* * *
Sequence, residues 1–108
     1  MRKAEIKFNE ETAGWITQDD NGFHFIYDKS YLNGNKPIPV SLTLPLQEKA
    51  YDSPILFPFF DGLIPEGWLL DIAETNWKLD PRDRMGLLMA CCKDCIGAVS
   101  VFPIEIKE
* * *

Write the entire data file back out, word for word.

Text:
Sequence, residues 1–108
     1  MRKAEIKFNE ETAGWITQDD NGFHFIYDKS YLNGNKPIPV SLTLPLQEKA
    51  YDSPILFPFF DGLIPEGWLL DIAETNWKLD PRDRMGLLMA CCKDCIGAVS
   101  VFPIEIKE